Nuclear Balance in South-Asia

By Moorthy Muthuswamy, June 2000

The recent American revision of nuclear balance in favor of Pakistan has shocked many Indians. If true, how did Pak surge ahead of India? Conversely, how did India fall behind, having had a head start in 1974?

Part of the answer as to why India fell behind comes from a statement made past week by the former Indian Army Chief of Staff, Gen. Rao: "Emphasizing the need for the country to develop high-speed long-range ballistic missiles within a reasonable time-frame, Gen. Krishna Rao has regretted the delay in staking claim to join the nuclear club…However, due to lack of courage and will-power of powers-that-be, the nuclear testing had been delayed, he said."

India also overestimated its abilities in building weapon systems and missiles from scratch. Having tried for more than ten years, Indian defense sector couldn’t even build an adequate tank engine for its indigenous battle tank. It failed in its efforts to build a light combat aircraft. Its missile development also suffers from similar maladies. Its long-range missile Agni is not yet ready for deployment. Agni’s development was also stopped for sometime due to Western pressure. In the final analysis, the R&D of the Indian defense industry has little to show for after spending a great deal of country’s resources.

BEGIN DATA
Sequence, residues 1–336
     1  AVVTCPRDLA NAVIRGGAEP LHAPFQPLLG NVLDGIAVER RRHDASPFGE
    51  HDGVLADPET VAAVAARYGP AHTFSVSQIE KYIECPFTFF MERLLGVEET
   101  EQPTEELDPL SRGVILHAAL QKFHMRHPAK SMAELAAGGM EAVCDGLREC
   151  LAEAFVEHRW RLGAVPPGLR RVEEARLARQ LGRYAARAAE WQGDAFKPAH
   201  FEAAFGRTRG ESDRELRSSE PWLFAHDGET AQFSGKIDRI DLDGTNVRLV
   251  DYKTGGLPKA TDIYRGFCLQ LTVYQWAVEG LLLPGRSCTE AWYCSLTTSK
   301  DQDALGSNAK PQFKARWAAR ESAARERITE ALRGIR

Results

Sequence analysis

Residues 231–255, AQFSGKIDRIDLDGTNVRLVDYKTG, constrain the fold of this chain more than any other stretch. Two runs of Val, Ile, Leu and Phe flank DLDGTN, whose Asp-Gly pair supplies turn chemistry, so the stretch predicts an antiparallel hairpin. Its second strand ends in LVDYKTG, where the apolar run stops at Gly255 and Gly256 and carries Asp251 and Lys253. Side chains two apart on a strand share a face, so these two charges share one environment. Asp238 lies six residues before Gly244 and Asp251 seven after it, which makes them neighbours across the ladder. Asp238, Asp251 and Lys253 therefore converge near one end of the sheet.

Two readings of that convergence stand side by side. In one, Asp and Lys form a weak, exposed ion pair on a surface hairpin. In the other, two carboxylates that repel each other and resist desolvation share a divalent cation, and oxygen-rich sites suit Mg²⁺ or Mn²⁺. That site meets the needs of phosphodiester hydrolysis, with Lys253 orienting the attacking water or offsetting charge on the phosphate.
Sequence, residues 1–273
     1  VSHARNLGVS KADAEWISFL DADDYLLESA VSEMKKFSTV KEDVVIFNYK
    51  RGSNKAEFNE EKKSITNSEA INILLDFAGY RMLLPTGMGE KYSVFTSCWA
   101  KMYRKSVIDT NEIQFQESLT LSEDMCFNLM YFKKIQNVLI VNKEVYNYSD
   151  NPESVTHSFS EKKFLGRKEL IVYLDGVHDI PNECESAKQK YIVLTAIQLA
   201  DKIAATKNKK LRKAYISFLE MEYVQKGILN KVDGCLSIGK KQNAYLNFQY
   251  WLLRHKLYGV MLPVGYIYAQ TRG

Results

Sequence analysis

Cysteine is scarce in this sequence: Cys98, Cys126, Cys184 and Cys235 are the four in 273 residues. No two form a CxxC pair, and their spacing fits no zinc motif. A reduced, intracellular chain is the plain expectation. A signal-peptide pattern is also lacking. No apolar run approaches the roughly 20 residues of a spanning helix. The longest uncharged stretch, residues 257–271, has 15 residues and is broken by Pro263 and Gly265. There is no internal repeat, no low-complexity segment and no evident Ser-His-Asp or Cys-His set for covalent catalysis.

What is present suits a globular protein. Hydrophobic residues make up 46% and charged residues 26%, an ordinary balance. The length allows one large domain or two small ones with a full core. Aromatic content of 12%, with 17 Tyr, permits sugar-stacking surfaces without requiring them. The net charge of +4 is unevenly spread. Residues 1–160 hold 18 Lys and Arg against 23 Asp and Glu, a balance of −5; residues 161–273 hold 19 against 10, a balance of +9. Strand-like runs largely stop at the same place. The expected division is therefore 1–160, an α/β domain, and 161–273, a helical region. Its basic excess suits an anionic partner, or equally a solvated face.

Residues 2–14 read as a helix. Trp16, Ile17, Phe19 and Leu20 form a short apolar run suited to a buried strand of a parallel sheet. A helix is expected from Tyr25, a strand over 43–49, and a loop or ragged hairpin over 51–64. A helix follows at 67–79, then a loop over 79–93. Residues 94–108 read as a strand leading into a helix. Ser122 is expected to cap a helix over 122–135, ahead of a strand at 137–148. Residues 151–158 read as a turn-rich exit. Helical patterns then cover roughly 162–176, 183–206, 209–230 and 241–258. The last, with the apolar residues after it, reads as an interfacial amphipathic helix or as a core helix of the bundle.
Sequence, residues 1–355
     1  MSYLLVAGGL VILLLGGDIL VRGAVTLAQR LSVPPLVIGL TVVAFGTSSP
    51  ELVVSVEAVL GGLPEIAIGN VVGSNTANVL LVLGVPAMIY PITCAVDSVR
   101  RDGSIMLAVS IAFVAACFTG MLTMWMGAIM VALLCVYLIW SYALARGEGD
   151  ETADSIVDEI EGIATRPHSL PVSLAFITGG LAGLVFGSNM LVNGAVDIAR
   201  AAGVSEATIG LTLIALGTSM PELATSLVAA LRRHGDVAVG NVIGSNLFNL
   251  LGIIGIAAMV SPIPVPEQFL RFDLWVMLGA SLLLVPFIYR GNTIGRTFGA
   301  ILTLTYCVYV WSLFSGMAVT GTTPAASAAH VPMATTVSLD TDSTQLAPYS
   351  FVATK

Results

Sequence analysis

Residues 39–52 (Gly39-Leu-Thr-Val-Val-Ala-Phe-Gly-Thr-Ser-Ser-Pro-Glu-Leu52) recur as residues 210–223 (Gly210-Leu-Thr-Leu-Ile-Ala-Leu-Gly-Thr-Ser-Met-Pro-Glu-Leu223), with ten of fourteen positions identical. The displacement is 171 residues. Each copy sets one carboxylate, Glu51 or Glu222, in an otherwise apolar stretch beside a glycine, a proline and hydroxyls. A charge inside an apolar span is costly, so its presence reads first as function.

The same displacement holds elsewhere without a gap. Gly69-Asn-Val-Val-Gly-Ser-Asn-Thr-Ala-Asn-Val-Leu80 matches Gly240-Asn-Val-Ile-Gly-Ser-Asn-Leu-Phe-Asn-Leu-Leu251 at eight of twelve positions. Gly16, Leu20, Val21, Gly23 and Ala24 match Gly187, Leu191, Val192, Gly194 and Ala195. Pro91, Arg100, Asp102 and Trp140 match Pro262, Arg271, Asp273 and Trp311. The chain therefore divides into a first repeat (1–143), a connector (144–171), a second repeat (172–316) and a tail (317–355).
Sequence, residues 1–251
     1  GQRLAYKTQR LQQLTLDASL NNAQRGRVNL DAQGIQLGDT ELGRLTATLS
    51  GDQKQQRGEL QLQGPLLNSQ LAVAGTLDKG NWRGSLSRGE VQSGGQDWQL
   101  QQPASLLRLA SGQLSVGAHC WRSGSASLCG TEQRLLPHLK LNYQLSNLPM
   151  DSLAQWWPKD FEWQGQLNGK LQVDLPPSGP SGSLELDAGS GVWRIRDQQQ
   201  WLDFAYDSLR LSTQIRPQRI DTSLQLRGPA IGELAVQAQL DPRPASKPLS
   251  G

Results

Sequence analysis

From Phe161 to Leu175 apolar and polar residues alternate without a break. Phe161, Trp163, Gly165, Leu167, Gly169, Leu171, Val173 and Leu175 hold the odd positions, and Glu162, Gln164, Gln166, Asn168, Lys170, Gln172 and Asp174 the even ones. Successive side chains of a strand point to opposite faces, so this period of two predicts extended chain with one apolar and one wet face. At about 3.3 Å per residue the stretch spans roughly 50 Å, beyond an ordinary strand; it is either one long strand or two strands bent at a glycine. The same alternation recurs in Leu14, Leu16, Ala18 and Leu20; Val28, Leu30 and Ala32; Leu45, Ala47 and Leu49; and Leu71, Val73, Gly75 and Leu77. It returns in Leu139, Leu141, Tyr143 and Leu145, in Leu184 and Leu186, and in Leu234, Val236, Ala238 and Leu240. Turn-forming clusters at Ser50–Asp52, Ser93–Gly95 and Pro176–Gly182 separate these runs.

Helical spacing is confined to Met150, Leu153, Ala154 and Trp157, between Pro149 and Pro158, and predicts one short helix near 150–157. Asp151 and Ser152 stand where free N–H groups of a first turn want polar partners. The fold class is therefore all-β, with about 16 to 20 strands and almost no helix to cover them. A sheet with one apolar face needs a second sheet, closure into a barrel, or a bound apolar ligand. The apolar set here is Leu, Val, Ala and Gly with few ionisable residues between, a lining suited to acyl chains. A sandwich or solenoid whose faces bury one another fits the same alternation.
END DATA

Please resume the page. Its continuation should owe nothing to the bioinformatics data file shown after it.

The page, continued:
On the other hand, realizing its limitations in skilled manpower and infrastructure, Pak has taken the approach of buying proven weapon systems and components. It bought most equipment from North Korea, China and some Western countries and put them together. The changes Pak made to its missile systems bought from China/Korea appear to be minimal. Since 1974, when India exploded its first nuclear device, Pak has had ample time, some nuclear bomb designs, Chinese help and Yanks turning the other cheek during Soviet invasion of Afghanistan.

In my opinion, the American revision is certainly not inconsistent with what we know. Until the time Indian civilization learns to apply a problem-solving approach, it will continue to lose ground to its determined enemies.